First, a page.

French language

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French is one of the Romance languages, spoken by more than 100 million people in France and several other countries, and official or administrative language in various communities and organizations (such as the European Union, CIO, United Nations and Universal Postal Union). French is an official language in the following countries:

French is also spoken in the following countries (although it's not an official language):

Although many Frenchmen like to refer to their descent from Gallic ancestors ("Nos ancêtres les gaulois"), very little Celtic influence seems to remain in the French of today. Most of the vocabulary is of Latin and Germanic ( Frankish) origin. Originally, many dialects and languages were spoken throughout France (among them were the various Occitan dialects), but over time the dialect of the Ile de France (the region around Paris), Francien, has supplanted the others and has become the basis for the official French language.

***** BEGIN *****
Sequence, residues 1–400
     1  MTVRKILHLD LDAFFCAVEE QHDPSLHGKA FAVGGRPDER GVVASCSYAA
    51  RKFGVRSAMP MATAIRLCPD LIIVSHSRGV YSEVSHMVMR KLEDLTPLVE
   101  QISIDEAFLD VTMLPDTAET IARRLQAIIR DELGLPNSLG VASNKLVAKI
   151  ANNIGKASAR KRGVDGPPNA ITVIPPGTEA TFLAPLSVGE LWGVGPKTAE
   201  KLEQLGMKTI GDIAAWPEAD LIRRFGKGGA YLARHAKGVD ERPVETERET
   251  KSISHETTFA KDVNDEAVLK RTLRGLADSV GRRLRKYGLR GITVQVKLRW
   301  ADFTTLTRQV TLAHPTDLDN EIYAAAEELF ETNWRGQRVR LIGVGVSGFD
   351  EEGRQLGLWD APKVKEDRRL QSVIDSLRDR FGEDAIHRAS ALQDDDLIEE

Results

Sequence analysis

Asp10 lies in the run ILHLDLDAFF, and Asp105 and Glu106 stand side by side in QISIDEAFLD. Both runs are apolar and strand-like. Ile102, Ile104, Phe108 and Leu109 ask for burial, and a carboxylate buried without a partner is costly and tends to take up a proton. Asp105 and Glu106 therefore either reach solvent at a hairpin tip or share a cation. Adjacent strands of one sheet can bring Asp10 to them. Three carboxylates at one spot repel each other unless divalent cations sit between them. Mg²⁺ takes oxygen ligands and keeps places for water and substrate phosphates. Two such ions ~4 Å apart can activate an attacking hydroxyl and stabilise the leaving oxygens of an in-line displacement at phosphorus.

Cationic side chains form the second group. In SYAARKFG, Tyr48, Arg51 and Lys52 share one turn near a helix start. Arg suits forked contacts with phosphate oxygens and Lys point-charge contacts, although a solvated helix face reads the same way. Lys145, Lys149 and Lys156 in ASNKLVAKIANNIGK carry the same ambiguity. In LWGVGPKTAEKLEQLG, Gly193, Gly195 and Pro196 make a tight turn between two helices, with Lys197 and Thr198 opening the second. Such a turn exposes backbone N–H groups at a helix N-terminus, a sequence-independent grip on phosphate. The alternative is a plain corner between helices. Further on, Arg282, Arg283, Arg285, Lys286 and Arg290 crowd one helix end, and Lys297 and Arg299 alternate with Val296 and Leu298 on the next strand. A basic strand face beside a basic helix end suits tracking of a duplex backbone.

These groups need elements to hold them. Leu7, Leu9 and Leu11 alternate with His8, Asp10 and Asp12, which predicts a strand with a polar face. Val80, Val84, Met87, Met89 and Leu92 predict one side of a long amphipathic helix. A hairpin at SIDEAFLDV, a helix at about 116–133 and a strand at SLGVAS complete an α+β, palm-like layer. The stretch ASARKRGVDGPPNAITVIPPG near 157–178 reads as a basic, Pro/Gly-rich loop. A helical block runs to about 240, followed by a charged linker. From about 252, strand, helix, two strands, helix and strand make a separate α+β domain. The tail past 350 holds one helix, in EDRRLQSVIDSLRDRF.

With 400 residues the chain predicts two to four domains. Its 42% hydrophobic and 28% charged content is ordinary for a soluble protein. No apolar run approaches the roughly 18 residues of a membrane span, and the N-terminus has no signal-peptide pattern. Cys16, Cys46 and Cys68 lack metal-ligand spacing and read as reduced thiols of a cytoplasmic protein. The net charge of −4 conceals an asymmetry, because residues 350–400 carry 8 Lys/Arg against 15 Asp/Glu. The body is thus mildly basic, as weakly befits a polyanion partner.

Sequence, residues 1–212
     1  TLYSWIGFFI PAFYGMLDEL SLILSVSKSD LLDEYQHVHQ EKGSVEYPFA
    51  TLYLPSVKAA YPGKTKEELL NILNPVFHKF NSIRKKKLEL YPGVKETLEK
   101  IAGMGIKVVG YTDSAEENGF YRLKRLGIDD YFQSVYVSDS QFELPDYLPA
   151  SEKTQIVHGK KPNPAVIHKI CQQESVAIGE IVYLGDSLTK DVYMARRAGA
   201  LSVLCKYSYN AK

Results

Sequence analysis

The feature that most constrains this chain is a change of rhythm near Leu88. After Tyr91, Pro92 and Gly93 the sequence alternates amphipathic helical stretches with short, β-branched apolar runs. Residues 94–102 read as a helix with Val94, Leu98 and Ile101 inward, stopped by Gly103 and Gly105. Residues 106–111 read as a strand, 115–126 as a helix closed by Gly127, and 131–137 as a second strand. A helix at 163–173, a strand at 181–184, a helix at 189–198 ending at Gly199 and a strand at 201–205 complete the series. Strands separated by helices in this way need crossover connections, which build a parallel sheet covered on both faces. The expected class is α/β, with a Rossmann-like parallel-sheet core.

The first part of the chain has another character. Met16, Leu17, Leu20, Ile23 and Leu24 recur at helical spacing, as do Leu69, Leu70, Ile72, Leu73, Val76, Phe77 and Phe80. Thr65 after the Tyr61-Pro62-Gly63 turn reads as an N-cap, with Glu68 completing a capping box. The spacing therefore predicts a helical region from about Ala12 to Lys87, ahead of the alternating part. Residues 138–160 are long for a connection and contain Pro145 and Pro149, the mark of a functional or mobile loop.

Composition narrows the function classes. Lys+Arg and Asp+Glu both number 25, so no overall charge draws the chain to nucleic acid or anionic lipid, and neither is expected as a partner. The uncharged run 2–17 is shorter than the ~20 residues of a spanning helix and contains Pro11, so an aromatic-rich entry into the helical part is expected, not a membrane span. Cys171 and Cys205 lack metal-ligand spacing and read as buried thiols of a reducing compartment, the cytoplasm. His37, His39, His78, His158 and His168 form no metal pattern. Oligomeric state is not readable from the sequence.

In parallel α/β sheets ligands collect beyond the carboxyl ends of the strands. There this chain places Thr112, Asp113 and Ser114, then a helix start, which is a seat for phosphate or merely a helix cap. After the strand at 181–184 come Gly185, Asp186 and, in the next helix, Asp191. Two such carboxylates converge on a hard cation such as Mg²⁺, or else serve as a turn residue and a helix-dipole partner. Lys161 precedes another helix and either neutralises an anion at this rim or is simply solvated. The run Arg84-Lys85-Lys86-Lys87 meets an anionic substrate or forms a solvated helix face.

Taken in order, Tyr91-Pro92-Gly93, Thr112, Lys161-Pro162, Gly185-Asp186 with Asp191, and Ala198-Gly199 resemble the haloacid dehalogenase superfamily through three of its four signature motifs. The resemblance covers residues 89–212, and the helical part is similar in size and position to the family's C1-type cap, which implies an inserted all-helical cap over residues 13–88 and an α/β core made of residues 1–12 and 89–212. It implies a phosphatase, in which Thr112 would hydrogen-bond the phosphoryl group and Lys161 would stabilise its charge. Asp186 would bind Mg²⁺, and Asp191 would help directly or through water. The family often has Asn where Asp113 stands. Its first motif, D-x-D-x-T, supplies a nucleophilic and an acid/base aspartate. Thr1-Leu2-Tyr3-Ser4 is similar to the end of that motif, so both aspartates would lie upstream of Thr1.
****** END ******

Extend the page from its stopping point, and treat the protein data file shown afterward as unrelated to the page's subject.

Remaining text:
French spelling is by no means phonetic. Terminal consonants have often become silent unless followed by a vowel sound (liaison) or silent altogether (e.g., "et" is never pronounced with the ending "t."). In many words, the "n" and "m" becomes silent and causes the preceeding vowel to become nasalized (i.e., pronounced with the soft palate extended downward so as to cause the air to leave through the nostrils instead of through the mouth). Furthermore, French words tend to run together when spoken, with ending pronounced consonants often being chained to the next word.



Phonemes of French

Rounded


i y u

e 2 o

E 9 O

a A

E~9~o~

 ã


Note: /A/ is for many speakers no longer a phoneme. Whether /@/ (Schwa) is a phoneme of French is controversial. Some see it as an allophone of /9/

Plosives

/p, b/

/k, g/

/t, d/

Fricatives

/s, z/

/f, v/

/S, Z/

Nasals

/m, n, n_j/ For some speakers, /n_j/ is probably /n/ + /j/

Lateral

/l/

Vibrant

/r/ (Uvular trill)

Semi-vowel

/j/



See also: French phrases used by English speakers, Common phrases in different languages